A ferry ride away from China, Macau always promised the thrill of something slightly illicit with its old casinos and the free-flowing Portugese attitude  in contrast to the buttoned up Englishness of Hong Kong.  When my brother was stationed in Vietnam during that war, servicemen were warned not to go to Macau, so of course he went. By the time we got there, the island had tamed, and drew crowds of fanny-pack wearing middle American tourists as well as Chinese gamblers.

Macau casinos
Macau Casino LIghts. Photo by Brian Brain, from Wikipedia, Creative Commons License.

I have mixed feelings about the new Macau.  Las Vegas casino owners and other developers have moved in and crowded the island with a mass of glitzy gambling houses. The narrator of The Ballad of the Small Player,  calls himself Lord Doyle, although he is merely  a British lawyer on the run from his shady dealings back home. Through him, author Lawrence Osborne introduces us to casino after casino, explains the rules of the high roller games like punto blanco baccarat, and sheds light on what it is like to be a compulsive gambler–in love with losing.

Lord Doyle tells the story of how he started gambling to a prostitute with whom he has a relationship.. “It became a secret hobby, as it often does.” He goes from a French casino to gambling on line, then going to Birmingham every weekend

I became good at everything I played, though that did not mean I won consistently.  What I discovered was a taste for losing.  I understood in some way that playing something well and losing at it had something to do with playing it over the long haul.  But I didn’t care and I dare say no player does.

The author delivers the descriptions of the casinos  with a sharp eye and the disdainful humor they deserve.  He visits the Grand Emperor, “with a gilded replica of the British royal state carriage outside it and Beefeaters in fur hats filling a vestibule of cretinous gilt.”

I stopped and swung myself around and through the doors that were opened for me, and into a cool imitation of some Hans Christian Andersen fairy palace imagined by a small child with a high fever who has seen many a picture of Cindrella. 

Emperor Casino Macau
“cretinous gilt” at Emperor Casino, walking on gold bars. Photo from Wikipedia, Creative Commons License.

With his gift for this kind of incisive establishment of place, it is not terribly surprising to learn that Osborne is also an award-winning travel writer.

Osborne takes up where Graham Greene left off (minus the Catholicism) in exploring the morals of wanderers between societies, and the disdain of one culture for another–particularly the British and the Oriental. This looks like a small book–257 pages–but it is densely packed with ideas that make you slow down and pay attention. Osborne does not just describe what you learn with your senses, but also what you learn through contemplation.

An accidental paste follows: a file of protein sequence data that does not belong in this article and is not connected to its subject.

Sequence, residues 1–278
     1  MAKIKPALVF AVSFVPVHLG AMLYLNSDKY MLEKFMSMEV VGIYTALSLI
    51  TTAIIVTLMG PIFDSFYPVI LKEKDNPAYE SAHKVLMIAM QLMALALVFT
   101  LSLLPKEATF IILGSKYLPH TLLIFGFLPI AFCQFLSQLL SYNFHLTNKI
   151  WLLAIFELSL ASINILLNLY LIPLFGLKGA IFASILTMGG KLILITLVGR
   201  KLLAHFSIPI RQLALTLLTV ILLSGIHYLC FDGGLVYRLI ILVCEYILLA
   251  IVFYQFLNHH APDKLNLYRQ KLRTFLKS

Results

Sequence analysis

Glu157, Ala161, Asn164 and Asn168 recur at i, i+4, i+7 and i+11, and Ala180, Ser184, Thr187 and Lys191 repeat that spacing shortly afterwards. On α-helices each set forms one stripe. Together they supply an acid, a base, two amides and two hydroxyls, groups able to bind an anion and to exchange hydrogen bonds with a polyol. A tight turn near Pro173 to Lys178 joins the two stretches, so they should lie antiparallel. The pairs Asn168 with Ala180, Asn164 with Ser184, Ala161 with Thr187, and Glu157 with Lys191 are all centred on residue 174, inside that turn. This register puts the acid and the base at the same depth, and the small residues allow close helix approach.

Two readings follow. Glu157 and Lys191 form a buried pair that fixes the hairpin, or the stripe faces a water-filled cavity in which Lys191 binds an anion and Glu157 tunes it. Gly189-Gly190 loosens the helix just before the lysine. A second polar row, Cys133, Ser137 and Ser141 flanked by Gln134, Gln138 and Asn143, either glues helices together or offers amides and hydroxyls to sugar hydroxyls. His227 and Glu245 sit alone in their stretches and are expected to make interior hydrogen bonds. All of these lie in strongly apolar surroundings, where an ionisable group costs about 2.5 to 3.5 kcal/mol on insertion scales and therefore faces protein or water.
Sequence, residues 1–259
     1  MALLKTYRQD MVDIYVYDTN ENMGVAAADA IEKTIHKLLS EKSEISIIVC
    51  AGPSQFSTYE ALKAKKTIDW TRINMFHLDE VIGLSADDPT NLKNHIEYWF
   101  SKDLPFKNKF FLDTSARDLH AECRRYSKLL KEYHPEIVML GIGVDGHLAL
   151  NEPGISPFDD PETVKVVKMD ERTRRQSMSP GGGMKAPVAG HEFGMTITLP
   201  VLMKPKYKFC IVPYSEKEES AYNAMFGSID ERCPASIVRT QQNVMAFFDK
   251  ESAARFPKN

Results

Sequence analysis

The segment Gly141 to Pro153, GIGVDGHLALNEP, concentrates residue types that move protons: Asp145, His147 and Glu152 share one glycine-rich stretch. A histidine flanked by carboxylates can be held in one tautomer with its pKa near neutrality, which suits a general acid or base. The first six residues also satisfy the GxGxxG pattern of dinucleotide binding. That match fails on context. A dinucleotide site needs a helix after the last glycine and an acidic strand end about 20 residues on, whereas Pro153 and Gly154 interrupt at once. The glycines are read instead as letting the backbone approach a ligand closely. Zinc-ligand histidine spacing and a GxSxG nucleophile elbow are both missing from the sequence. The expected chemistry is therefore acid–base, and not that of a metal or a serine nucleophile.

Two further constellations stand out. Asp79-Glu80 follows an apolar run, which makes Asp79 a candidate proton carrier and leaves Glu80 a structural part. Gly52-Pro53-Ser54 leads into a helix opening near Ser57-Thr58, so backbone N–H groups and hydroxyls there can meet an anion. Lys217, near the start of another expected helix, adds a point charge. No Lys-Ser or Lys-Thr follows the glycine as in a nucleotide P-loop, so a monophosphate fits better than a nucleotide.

Lord Doyle spends quite a bit of time in the Wynn casino, the Venetian Macau, touted as the largest casino in the world. There he thinks about the difference between the original Chinese establishments and the American transplants.

These Vegas establishments  are the very opposite of their Chinese counterparts , which at least have retained the louche tolerance of ages past.  The Vegas casinos are clean and overblown, with palatial dimensions and vacuumed carpets.  They are as family-clean and bright as their originals in the Nevada desert, and in them the insalubrious aspects of gambling are out to the back of one’s mind.

The novel kept me wondering, and therefore turning pages to find out–would he win or would he lose? And what did those words mean anyhow?  The questions stay in the mind once you have closed the book.

Irish Blasket Islands Produce Books Galore

Books: The Islandman by Tomas O’Crohan

Peig: The Autobiography of Peig Sayres of the Great Blasket Island 

Destination: Blasket Islands, Ireland

Ireland's Dingle Peninsula  near Blasket Islands
Ireland road and stone cottage
Sign along the road to Dunquin, Dingle Peninsula, Ireland. Photo by VMB.
Sign along the road to Dunquin, Dingle Peninsula, Ireland. Photo by VMB.

When my husband and I traveled along the coast road of beautiful Dingle Peninsula in Ireland, past the beach where Ryan’s Daughter was filmed, we saw this sign, “Next Pub Boston.” On up the road, we saw the pub, with canned soup and toothpaste among the sundries behind the counter for anyone who did not want to drive all the way back to Dingle. The town is called Duncan, or Dunquin in the native language that holds sway here on the Dingle peninsula.

Near the pub we spotted a very modern building with plate glass windows facing out to sea.The piles of rocks called the Blasket Islands out there in the wild waves used to be home to a hard-working community of folks, but the last inhabitants left in the 1950’s. The modern building houses a museum that provides a look at the islanders’ way of life, fishing and cutting peat from the few areas on the rock that supported any kind of soil.